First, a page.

Morocco has prohibited the production and sale of the burqa – the full face veil – worn by some Muslim women due to “security reasons”, according to local news agencies.
While there has been no official statement by the Moroccan on this matter, the reports said the interior ministry order would take effect later this week.
“We have taken the step of completely banning the import, manufacture and marketing of this garment in all the cities and towns of the kingdom,” the Le360 news site quoted a high-ranking interior ministry official as saying yesterday.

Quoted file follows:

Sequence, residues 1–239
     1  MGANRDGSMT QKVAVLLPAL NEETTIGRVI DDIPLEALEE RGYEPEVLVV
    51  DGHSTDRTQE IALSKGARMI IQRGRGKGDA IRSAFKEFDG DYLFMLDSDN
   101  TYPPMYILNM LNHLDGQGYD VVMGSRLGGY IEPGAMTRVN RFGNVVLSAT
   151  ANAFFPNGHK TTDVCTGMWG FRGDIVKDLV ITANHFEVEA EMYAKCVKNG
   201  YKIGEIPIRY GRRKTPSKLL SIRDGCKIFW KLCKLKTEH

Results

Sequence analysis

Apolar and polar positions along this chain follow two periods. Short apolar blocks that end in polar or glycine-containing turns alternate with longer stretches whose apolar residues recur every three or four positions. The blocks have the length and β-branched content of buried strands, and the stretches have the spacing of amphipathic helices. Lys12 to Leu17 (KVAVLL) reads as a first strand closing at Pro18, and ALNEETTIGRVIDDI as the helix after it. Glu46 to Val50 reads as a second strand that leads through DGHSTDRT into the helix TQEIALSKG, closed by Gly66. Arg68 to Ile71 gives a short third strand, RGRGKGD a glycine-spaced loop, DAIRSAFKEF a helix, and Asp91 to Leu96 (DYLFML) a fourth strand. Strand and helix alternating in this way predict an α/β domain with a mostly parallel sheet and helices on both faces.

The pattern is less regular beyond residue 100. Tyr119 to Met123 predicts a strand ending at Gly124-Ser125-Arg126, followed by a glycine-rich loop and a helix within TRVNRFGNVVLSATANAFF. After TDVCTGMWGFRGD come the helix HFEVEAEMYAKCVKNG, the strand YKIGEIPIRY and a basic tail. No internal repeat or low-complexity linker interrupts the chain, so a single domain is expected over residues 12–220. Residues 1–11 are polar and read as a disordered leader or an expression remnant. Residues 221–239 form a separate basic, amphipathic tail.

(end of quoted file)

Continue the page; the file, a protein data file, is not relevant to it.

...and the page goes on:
It said the measure appeared to be motivated by security concerns, “since bandits have repeatedly used this garment to perpetrate their crimes”.
Majority of Muslim women in Morocco wear the hijab and the abaya, which does not cover the face.
In some commercial districts of Casablanca, the country’s economic capital, interior ministry officials on Monday conducted “awareness-raising campaigns with traders to inform them of this new decision”, the Media 24 website said.
In Taroudant in southern Morocco, authorities ordered traders to stop making and selling burqas and to dispose of their stock within 48 hours, the reports claim.
Retailers in the northern town of Ouislane were said to have received similar instructions.
The reports were met with a muted response in the absence of official confirmation.
The High Council of Ulama, the country’s highest religious authority, has yet to comment on the issue of banning the burqa.
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